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US Virgin Islands Sues JP Morgan for Allegedly Facilitating Jeffrey Epstein’s Sex-Trafficking Ring

Published: December 29, 2022
Acting US Attorney for the Southern District of New York, Audrey Strauss, announces charges against Ghislaine Maxwell during a July 2, 2020, press conference in New York City. Maxwell, the former girlfriend of late financier Jeffrey Epstein, was arrested in the United States on July 2, 2020, by FBI officers investigating his sex crimes, multiple US media outlets reported. (Image: JOHANNES EISELE/AFP via Getty Images)

On Dec. 27, the attorney general of the U.S. Virgin Islands filed a lawsuit against JP Morgan Chase, accusing the financial giant of benefitting from Jeffrey Epstein’s sex-trafficking operation and further alleging that the bank’s actions, or inaction, helped conceal Epstein’s exploitation of an unknown number of women and minors.

The suit, filed in a Manhattan federal court, accuses the financial institution of providing financial services for Epstein despite being a registered sex offender in the U.S. following his 2008 conviction for soliciting a minor for prostitution in Palm Beach, Florida.  

The suit further alleges that JPMorgan failed to comply with federal regulations — that may have flagged Epstein’s crimes to U.S. authorities — in a deliberate attempt to conceal Epstein’s activities.

Lawyers allege that JP Morgan willingly “turned a blind eye to evidence of human trafficking for more than a decade,” due to Epstein’s ability to consistently bring profitable business deals and clientele to the financial institution. 

Despite the conviction of Ghislaine Maxwell, Epstein’s accomplice, not a single person has been identified or charged with engaging with Epstein’s sex trafficking operation. 

In the suit, the attorney general wrote, “Financial institutions can connect – or choke – human trafficking networks, and enforcement actions filed and injunctive relief obtained by attorneys general are essential to ensure that enterprises like Epstein’s cannot flourish in the future.” 

Epstein died in August 2019, while in custody, after being detained on charges of sex-trafficking. The official cause of death is suicide however, many question the official narrative; so much so that the words “Epstein didn’t kill himself” have become a popular meme.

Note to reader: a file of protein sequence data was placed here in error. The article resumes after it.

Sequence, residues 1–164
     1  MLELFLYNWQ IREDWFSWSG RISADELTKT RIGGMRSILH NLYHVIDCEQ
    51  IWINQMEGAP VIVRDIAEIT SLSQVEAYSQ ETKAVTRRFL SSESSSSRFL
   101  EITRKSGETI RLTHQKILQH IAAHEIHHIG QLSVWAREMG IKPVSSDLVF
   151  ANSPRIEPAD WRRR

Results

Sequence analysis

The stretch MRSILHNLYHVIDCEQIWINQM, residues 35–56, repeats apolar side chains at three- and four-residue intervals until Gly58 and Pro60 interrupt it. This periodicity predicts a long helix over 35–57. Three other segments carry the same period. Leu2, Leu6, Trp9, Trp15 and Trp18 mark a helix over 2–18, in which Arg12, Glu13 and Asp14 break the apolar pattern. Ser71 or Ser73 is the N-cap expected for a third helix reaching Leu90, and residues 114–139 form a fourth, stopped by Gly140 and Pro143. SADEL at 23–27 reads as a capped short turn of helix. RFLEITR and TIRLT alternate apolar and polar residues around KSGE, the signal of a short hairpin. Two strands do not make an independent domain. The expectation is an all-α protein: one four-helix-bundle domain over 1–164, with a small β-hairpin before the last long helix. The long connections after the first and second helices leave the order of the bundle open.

This lawsuit is only the latest concerning the fallout from Epstein’s operations. 

The attorney general for the U.S. Virgin Islands, Denise N. George previously filed a suit against Epstein’s estate on Little St. James, which was settled in early December this year.

Co-executors for Epstein’s estate agreed to pay $105 million, in cash, in addition to half the proceeds from the sale of Little St. James to the U.S. Virgin Islands for allegedly violating the island’s laws prohibiting sex trafficking and sexual servitude. 

According to CBS News a government investigation into Epstein’s crimes on his private island revealed evidence that JP Morgan “knowingly, negligently, and unlawfully provided and pulled the levers through which recruiters and victims were paid and was indispensable to the operation and concealment of the Epstein trafficking enterprise.”

The complaint says that “JP Morgan facilitated and concealed wire and cash transactions that raised suspicion of — and were in fact part of — a criminal enterprise whose currency was the sexual servitude of dozens of women and girls in and beyond the Virgin Islands.”

This suit comes after two of Epstein’s accusers sued JP Morgan and Deutsche Bank for allegedly profiting millions of dollars off of their relationships with Epstein and his sex trafficking operation.